Given that the carbon budget is limited and given that the life span of CO2 is long — it can stay in the atmosphere from 150 to 200 years — China must “front-load” its emission reduction in this decade itself.
Renewables cannot offset carbon
Other than coal, China has made massive investments in renewable energy and electric vehicles and surpasses all other countries in production capacity.
This means, China will also be in the forefront to supply the world with clean energy technology and in this way benefit from the climate mitigation efforts of the world.
China dominates every step of the global solar supply chain. For solar photovoltaic cells, Chinese companies have the lion’s share of global manufacturing — it ranks first in the production of wafers, cells and modules globally.
This market capture means that the world is heavily reliant on China for its ambitious renewable energy needs.
Polysilicon, produced from silicon dioxide, is the key feedstock for solar cells. Xinjiang in Northwest China produces nearly half the world’s polysilicon supply.
Business news network Bloomberg reports that these factories are also accused of using forced labour from the Uyghur community, an ethnic minority in China.
In the lithium-ion battery supply chain, China controls 80 per cent of the world’s raw material refining, 77 per cent of the world’s cell capacity and 60 per cent of the world’s component manufacturing, according to data from BloombergNEF, research service of the news network.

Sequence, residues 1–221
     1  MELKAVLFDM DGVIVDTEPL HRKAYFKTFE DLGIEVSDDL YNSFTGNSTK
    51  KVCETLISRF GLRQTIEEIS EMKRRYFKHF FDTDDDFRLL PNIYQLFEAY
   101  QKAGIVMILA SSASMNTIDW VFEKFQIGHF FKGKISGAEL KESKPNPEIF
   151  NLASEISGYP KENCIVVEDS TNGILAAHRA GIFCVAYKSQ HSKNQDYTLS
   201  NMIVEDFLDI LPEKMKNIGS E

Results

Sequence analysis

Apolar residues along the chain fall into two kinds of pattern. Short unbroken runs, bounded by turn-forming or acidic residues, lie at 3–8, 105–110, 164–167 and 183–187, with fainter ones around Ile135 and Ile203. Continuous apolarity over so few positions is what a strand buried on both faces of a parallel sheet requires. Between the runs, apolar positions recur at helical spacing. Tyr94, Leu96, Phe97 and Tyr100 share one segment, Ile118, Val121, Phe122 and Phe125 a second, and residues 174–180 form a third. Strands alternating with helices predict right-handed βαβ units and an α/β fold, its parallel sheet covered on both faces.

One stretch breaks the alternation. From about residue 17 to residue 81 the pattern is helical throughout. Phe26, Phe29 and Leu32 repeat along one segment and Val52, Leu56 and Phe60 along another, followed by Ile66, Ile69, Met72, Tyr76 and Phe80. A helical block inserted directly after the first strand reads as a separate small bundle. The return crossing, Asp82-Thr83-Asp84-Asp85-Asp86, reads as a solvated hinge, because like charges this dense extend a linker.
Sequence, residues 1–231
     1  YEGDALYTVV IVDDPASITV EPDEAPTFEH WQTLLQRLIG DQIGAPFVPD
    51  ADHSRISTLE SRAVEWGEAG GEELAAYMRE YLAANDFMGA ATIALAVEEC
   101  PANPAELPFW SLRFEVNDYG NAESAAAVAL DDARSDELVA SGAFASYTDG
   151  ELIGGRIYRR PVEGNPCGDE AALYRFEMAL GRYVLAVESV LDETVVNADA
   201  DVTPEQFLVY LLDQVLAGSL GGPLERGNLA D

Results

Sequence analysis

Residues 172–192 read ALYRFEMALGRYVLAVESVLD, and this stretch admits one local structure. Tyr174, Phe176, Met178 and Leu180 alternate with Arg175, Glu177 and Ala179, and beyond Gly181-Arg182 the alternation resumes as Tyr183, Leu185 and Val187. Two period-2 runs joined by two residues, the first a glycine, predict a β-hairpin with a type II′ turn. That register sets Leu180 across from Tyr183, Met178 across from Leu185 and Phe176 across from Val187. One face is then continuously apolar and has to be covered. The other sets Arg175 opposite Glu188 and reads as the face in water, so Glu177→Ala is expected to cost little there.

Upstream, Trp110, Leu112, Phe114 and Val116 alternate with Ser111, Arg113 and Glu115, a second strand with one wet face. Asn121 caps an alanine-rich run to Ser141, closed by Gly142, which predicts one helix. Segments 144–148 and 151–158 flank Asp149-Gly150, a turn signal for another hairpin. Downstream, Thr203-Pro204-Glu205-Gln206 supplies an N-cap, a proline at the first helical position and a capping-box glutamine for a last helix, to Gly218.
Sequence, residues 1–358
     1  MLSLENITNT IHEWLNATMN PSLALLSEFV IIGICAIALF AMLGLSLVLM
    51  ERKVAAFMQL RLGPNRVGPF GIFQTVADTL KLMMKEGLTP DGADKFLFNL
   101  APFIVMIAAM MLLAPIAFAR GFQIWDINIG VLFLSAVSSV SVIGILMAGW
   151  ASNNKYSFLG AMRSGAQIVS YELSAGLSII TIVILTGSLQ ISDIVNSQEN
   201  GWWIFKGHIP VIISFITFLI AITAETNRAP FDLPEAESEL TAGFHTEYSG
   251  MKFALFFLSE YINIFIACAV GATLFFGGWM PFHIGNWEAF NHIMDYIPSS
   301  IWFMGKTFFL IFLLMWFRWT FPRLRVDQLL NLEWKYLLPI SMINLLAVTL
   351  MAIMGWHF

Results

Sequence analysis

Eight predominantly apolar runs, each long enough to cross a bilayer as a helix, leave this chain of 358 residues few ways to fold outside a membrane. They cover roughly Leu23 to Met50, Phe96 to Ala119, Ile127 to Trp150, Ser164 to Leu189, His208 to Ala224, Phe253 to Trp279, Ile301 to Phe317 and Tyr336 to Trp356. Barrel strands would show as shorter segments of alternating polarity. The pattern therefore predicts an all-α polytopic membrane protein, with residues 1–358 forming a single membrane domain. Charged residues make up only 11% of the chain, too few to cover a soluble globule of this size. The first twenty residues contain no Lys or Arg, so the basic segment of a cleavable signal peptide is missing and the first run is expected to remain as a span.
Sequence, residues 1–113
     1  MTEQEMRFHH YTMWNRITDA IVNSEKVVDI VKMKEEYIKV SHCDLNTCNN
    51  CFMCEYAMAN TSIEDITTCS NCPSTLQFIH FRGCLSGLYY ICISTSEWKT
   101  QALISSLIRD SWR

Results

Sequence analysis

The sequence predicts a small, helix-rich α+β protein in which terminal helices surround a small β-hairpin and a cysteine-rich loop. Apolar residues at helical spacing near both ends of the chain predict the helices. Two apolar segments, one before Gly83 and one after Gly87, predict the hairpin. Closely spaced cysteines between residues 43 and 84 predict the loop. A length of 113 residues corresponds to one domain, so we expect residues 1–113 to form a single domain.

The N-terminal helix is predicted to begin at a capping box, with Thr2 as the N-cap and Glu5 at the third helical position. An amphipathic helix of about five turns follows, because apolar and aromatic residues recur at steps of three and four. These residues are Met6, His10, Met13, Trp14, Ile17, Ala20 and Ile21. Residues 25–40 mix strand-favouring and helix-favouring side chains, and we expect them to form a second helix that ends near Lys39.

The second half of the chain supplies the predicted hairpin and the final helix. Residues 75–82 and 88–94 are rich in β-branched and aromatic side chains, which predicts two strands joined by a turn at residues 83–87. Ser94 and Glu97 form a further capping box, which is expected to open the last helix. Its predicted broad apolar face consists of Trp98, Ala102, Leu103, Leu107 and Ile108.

In terms of domestic renewable energy, China has an installed capacity of 253 GW of solar energy and 288 GW of wind energy by 2020.
And according to its NDC, the plan is to augment the capacity to 1,200 GW by 2030, as against India’s plan for 450 GW by 2030.
Despite its lofty renewable energy plans, China’s goal for carbon neutrality will be unachievable unless it curbs its growing coal power production.
To accelerate its efforts, it has announced massive tree planting initiatives — 3.6 million hectares of new forest a year. But decarbonising its energy and industrial sectors must remain its top priority.
As the new global superpower and polluter, China’s emissions will have a significant impact on the world’s ability to achieve its climate goals.
If its current emissions continue, it could eat into one-third of the remaining carbon budget in this decade itself.
Clearly, this decade must belong to China and its drastic efforts to reduce greenhouse gas emissions.
And this must be in the spotlight at the 26th session of the Conference of the Parties (CoP26) to the UN Framework Convention on Climate Change meet at Glasgow, Scotland.
This was first published in the 1-15 November, 2021 edition of Down To Earth